I have much to be thankful for this year, so here is a list of some books which have helped me discover and explore my gratitude:
The Happiness Project, by Gretchen Rubin. Yes, it’s a self-help book. No, I am not embarrassed. It’s a really wonderful exercise in discovering what happiness can do for you, and for those around you. It’s other-focused without being self-denying.
More Scenes from the Rural Life, by Verlyn Klinkenborg. This collection of essays about living on a farm was originally published as a regular column in the New York Times, and it’s such a beautiful reflection on life, humanity, and nature that it makes you stop to think, again and again.
The Mystical Theology, by Pseudo-Dionysius. I know it’s probably a little weird to include obscure medieval theology on a blog, but this text has been downright formative for me. It is a celebration of images and unknowing, and it strikes me with its open humility. It prescribes the opposite of what most philosophy says, and tells us not to seek knowledge, but to dive into the darkness, forgetting what we know – or what we think we know.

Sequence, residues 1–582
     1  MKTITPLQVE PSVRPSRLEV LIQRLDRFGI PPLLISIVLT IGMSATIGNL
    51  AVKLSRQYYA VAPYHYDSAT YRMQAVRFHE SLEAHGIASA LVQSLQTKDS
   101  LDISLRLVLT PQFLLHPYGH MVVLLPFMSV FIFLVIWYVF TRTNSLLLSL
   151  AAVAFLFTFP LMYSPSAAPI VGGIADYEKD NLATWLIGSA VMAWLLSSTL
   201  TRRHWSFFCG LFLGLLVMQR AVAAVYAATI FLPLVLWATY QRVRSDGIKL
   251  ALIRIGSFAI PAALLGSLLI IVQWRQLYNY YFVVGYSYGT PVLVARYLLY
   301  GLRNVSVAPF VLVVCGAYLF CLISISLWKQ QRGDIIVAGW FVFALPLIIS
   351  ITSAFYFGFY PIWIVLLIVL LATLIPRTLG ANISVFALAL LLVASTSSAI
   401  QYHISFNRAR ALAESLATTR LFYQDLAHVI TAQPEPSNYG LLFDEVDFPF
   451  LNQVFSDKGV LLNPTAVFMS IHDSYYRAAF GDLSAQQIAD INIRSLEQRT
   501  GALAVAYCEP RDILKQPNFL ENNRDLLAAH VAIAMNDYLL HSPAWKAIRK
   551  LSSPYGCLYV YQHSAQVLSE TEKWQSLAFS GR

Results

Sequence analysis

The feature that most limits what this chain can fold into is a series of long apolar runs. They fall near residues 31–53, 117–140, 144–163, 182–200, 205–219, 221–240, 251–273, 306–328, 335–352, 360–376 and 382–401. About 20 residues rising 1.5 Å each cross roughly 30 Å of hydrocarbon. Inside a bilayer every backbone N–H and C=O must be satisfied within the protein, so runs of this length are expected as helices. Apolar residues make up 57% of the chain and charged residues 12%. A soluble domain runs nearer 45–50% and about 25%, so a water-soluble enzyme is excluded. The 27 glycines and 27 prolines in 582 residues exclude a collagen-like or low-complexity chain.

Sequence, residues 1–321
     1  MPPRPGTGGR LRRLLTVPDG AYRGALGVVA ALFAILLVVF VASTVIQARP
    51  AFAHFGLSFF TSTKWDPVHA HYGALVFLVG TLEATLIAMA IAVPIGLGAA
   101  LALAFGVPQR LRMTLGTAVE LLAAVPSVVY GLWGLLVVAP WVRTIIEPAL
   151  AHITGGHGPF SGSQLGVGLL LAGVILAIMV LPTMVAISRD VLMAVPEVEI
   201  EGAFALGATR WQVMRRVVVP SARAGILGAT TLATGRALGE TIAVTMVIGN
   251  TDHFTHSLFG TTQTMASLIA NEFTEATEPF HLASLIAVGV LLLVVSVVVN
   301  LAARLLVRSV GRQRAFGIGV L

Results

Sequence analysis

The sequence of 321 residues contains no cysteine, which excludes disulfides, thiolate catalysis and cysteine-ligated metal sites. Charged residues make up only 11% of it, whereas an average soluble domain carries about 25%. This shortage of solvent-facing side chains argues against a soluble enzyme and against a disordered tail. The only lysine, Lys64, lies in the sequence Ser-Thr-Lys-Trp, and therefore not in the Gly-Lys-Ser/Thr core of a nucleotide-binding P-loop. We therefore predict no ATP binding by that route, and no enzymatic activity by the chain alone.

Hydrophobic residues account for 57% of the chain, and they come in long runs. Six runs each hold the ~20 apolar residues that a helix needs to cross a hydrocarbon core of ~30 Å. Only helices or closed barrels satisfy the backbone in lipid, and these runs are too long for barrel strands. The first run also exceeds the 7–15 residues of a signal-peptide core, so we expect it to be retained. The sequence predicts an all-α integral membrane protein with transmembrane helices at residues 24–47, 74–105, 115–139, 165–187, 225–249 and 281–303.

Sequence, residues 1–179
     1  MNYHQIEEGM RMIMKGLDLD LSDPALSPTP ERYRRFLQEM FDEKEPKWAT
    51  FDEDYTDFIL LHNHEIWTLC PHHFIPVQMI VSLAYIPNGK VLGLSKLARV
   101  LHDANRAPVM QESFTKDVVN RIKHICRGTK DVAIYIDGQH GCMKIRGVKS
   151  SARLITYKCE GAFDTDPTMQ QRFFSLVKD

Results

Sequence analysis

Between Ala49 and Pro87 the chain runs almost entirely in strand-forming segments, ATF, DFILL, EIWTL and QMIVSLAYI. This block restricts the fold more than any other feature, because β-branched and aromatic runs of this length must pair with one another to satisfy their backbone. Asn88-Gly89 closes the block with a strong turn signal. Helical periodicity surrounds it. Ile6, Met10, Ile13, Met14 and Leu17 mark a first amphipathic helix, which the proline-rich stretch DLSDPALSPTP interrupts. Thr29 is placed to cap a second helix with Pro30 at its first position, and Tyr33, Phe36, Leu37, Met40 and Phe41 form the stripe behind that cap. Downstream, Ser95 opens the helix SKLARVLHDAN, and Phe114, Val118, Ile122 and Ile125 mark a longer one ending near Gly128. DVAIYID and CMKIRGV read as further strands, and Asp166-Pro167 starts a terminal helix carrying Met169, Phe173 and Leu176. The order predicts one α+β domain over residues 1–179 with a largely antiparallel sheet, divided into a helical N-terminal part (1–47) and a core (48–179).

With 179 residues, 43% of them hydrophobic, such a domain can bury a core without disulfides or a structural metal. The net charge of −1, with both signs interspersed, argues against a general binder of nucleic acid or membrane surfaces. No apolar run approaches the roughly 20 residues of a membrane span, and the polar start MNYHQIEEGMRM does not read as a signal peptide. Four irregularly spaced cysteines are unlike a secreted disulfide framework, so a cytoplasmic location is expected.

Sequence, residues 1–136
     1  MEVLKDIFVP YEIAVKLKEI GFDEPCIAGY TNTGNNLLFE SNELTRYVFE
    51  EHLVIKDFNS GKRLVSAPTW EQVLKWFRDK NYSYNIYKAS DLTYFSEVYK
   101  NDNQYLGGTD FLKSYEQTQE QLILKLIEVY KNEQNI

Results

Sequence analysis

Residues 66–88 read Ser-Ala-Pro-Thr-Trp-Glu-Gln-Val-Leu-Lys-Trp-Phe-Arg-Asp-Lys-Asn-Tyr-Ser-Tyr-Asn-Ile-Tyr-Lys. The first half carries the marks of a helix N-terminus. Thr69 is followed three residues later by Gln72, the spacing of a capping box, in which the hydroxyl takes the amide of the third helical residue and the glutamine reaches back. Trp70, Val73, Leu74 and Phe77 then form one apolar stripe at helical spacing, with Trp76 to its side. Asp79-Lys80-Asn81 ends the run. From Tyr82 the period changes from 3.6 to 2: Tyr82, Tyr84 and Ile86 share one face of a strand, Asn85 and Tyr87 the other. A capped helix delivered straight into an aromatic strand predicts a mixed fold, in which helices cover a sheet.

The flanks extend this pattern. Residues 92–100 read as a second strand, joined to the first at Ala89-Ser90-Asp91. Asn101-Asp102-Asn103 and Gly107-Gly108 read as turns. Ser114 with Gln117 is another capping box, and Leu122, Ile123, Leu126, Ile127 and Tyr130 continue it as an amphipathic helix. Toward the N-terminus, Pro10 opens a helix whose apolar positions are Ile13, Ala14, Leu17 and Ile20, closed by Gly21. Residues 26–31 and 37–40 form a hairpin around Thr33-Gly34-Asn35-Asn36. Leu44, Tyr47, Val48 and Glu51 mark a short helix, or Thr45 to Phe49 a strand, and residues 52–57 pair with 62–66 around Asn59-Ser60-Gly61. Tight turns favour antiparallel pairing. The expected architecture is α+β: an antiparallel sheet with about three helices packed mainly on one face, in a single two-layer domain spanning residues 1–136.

The Hobbit, by J.R.R. Tolkien. Bilbo chooses his adventure, but doesn’t realize what it entails, and in the end he is stronger, wiser, and more worldly – but also sees his comfortable home with newly appreciative eyes. Home and comfort mean more when you have been without them, and when you have worked. A warm bowl of soup feels better when you are cold and tired. It’s more than comfort – its gratitude.
Discourse on Colonialism, by Aime Cesaire. This speech isn’t one that makes me feel good, but it is one that makes me feel humble. It makes me think in new ways about what has gone into building the life I lead, and what is entailed in giving, and in charity, and even in gratitude.